What It Really Means To Be a Franchisor

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What it really means to be a franchisor

Franchising your business is a big step to take. But there’s no denying that franchising offers a great route to expansion with less risk. Your franchisees provide the initial investment for their franchises allowing you to grow your business with minimal capital investment. If the company that you have built and developed is classed as ‘franchisable’, then it’s certainly worth considering franchising your business to expand in ways that you could not achieve by yourself.

What is the official franchisor definition?

A franchisor is a person or company that grants the license to a third party for the conducting of a business under their marks. The franchisor owns the overall rights and trademarks of the company and allows its franchisees to use these rights and trademarks to do business.

As well as the necessary branding, the franchise agreement states that the franchisee has access to all the components of the franchised business required to prosper. This consists of elements such as products, equipment, designs, marketing, and business development support. The support continues for the duration of the franchise contract.

In return for all of this, the franchisor receives an initial upfront franchise fee and, depending on the structure of the franchise agreement, the franchisor may also continue to receive regular royalties and other fees.

So, what does this really mean?

The true franchisor definition covers more than just granting use of license and trademarks. From an entrepreneurial perspective, becoming a franchisor is about working alongside your franchisees to develop and grow the business in ways that you wouldn’t be able to do without franchising your business.

By creating a culture of trust, your franchisees can own and operate successful and profitable franchises by following your business model. By protecting the integrity of your brand, both you and your franchisees benefit from the success that operational consistency can bring.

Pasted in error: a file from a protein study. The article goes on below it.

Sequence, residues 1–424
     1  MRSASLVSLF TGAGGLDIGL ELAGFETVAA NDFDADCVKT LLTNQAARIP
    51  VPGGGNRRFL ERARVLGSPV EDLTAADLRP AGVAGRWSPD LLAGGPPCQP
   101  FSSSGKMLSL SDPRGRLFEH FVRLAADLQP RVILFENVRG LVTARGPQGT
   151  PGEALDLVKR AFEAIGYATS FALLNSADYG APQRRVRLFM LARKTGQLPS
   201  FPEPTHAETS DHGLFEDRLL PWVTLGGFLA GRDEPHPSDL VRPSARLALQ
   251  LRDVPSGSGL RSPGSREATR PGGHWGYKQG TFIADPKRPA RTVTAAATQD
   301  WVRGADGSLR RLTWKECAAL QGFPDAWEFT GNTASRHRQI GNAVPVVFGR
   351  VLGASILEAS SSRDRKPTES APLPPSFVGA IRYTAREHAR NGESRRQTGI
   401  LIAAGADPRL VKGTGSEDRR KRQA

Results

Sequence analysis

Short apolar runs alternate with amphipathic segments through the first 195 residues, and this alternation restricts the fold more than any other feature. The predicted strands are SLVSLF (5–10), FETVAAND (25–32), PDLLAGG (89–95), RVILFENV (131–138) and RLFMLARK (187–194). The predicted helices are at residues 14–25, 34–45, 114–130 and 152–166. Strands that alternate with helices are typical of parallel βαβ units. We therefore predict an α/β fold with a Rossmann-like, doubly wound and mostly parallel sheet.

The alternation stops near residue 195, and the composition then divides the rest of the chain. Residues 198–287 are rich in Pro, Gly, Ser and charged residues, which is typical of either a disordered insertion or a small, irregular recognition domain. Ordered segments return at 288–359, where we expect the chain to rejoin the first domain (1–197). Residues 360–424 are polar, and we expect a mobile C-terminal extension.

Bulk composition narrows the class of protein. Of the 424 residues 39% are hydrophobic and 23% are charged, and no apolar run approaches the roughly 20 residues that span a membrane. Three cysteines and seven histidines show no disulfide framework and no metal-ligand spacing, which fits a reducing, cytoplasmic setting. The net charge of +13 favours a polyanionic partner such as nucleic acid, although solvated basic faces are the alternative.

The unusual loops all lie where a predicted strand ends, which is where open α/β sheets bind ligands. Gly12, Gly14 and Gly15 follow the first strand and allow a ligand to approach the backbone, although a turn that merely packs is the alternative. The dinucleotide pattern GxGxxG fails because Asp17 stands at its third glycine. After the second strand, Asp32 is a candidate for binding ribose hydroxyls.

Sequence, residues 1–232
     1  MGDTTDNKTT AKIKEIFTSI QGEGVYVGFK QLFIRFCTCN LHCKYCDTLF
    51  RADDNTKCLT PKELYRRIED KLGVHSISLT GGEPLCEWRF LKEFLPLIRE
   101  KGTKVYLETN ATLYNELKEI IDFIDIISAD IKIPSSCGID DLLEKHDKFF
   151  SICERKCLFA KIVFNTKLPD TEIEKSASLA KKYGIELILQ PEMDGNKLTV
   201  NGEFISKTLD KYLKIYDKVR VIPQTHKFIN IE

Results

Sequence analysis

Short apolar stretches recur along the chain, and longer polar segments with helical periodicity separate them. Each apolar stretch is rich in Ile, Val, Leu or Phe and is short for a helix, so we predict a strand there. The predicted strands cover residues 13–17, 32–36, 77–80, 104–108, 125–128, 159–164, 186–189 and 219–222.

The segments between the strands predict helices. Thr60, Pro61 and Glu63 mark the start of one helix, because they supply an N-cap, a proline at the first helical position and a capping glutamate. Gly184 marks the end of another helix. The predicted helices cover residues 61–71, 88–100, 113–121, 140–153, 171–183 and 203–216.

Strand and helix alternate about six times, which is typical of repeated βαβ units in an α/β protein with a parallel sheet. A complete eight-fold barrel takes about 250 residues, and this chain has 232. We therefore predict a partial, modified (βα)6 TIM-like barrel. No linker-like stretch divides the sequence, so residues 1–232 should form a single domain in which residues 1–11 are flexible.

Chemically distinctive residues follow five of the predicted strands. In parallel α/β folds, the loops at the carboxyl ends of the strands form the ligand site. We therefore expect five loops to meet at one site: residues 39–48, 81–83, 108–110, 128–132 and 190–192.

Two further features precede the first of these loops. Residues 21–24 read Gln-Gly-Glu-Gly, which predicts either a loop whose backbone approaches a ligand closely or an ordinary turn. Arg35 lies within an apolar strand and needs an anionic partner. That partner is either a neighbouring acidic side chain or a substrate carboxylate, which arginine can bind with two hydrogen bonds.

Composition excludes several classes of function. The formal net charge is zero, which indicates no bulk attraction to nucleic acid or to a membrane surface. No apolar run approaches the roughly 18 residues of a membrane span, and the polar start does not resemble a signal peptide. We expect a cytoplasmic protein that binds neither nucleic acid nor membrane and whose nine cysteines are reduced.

Supporting the franchisor definition, several characteristics are usually found in successful franchise owners:

  • You understand that the success of your franchised business depends on the quality of the franchisees that you recruit. Your franchisees are your biggest asset, and you are willing to invest time, money and effort into ensuring that they receive the right training and support when they need it.
  • You appreciate that you need to create and maintain robust relationships with your franchisees so that you can work in partnership to grow and develop your business. This means that as well as supporting your franchisees when necessary, you also need to act accordingly to protect your franchise brand and system. This may mean issuing breach notices if your brand integrity is jeopardised.
  • You can see the bigger picture and are focused on achieving long-term goals, rather than being motivated by short-term results. You have a growth strategy that is based on realistic and achievable timelines.
  • You recognise the need to review performance metrics regularly so that you can provide your franchisees with accurate and timely feedback.
  • You are committed to building a franchise system that enables your franchisees to achieve an adequate return on investment.